Universal Severing Ties With iTunes?
Universal Music Group has pulled out of iTunes. That's according to The New York Times, which, citing anonymous sources close to the negotiations, is reporting that the world's biggest music company has opted not to renew its contract with Apple to carry its artists on iTunes -- artists that include U2, Akon and Amy Winehouse.
The move by Universal is an attempt to coax Apple chief Steve Jobs into spreading the wealth that's been raked in thanks to the successes of iTunes and the iPod. Jobs currently has the music industry eating out of his hand: More than 100 million iPods have been sold worldwide since its invention, and yet the only copy-protected digital music service that works with it is iTunes. iTunes, for its part, accounts for 76 percent of all online music sales -- the only sector of the music industry currently experiencing any growth. Of course, the iPod is the only player that works with tracks purchased on iTunes.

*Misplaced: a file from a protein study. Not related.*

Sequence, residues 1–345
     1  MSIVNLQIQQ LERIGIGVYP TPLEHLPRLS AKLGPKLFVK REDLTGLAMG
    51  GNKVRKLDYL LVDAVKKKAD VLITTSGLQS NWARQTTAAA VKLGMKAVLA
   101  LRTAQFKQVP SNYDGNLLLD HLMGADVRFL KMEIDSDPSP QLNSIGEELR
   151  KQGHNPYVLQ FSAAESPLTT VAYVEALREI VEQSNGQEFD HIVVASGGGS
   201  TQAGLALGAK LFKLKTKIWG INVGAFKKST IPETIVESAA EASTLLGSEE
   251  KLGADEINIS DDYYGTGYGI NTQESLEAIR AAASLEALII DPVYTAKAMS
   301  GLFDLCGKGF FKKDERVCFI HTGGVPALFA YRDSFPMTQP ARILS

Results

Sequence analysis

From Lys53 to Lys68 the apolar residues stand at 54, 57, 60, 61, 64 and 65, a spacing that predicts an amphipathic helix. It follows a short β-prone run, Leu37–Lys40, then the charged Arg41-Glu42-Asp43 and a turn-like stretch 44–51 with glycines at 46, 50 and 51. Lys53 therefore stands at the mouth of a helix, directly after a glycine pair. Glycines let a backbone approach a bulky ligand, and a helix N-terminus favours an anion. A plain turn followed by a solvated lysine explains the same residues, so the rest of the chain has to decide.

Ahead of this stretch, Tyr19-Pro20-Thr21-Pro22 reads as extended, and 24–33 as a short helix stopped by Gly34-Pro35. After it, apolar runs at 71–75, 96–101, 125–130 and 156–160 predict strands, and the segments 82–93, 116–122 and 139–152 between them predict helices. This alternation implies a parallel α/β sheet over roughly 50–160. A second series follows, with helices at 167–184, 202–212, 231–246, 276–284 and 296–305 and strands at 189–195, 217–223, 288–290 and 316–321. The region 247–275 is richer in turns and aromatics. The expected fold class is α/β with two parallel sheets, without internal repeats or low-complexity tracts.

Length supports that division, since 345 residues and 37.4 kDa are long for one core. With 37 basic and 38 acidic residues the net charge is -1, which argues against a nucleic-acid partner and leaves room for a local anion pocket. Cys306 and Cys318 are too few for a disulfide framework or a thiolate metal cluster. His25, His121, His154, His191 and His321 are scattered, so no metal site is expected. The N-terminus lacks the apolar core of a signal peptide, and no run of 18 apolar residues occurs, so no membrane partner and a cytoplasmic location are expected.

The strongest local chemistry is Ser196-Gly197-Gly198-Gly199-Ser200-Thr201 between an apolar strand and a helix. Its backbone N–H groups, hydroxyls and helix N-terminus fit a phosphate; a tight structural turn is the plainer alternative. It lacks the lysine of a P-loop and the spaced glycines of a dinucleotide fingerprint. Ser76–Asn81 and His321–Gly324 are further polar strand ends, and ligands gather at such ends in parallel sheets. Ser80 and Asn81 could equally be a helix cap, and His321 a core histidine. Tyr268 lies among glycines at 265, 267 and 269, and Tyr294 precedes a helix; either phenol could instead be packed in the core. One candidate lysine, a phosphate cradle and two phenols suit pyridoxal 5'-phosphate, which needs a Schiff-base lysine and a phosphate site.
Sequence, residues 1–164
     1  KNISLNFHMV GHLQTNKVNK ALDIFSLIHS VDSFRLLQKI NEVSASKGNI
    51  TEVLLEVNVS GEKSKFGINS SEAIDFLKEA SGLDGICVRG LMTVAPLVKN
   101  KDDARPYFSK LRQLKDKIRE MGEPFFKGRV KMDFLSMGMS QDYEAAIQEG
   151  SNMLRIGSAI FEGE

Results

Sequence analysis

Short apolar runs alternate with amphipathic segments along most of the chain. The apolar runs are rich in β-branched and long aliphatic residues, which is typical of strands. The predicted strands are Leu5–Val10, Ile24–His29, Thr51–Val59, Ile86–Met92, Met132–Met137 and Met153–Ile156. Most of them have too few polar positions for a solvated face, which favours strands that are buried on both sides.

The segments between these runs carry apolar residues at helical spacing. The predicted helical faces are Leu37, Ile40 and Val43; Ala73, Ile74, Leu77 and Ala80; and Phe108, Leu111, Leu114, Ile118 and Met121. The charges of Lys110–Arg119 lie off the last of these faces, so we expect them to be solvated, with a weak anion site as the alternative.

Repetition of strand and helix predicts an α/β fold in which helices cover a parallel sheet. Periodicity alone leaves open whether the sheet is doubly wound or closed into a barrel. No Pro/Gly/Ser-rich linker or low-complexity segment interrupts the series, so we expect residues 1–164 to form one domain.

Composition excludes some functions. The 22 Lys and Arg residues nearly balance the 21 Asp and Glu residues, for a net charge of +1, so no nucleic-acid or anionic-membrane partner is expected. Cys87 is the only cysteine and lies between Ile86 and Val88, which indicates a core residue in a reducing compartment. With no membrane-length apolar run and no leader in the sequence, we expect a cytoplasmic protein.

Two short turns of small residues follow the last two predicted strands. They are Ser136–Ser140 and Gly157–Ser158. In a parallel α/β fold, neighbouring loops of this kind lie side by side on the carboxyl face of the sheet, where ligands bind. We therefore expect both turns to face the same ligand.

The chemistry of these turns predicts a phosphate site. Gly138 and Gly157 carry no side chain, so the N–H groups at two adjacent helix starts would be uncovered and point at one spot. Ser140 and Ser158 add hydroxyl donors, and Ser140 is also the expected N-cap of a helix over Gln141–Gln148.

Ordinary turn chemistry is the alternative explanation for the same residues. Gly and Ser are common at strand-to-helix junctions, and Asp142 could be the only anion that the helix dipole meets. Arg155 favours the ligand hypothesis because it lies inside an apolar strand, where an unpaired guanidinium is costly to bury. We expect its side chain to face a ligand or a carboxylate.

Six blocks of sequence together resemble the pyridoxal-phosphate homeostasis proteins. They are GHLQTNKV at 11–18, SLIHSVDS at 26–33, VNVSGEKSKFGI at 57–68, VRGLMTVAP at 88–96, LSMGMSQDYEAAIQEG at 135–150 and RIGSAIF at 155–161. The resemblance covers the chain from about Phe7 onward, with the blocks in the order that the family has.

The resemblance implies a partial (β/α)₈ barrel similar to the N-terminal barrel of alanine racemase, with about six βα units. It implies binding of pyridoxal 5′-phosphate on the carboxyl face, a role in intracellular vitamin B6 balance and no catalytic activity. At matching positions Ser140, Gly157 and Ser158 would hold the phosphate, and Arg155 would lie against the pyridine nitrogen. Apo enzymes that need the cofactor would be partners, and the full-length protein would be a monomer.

Universal is such a massive player in the music business that its artists are responsible for one out of every three new music releases in the U.S. Losing Universal will be a blow to iTunes, though the reverse is also true: In the first quarter of 2007, iTunes accounted for 15 percent of Universal's worldwide revenue.
For now, it appears Universal will offer its music on iTunes without a contract, meaning it can remove its artists completely at any time with no advanced notice if it's not happy. That day may come sooner than later, since Steve Jobs has repeatedly refused to even entertain the notions Universal and other music companies are asking of Apple. They include allowing the iPod to be used with other services, allowing iTunes to work with other players and putting an end to flat rates for music files. The music industry wants the right to sell more popular songs at a premium and sell less popular songs at a discount.
For now, it's a stalemate between Apple and Universal and it'll be interesting to see who cries 'Uncle' first. Of course, it doesn't hurt Steve Jobs that he's a pro at twisting arms.
From The New York Times
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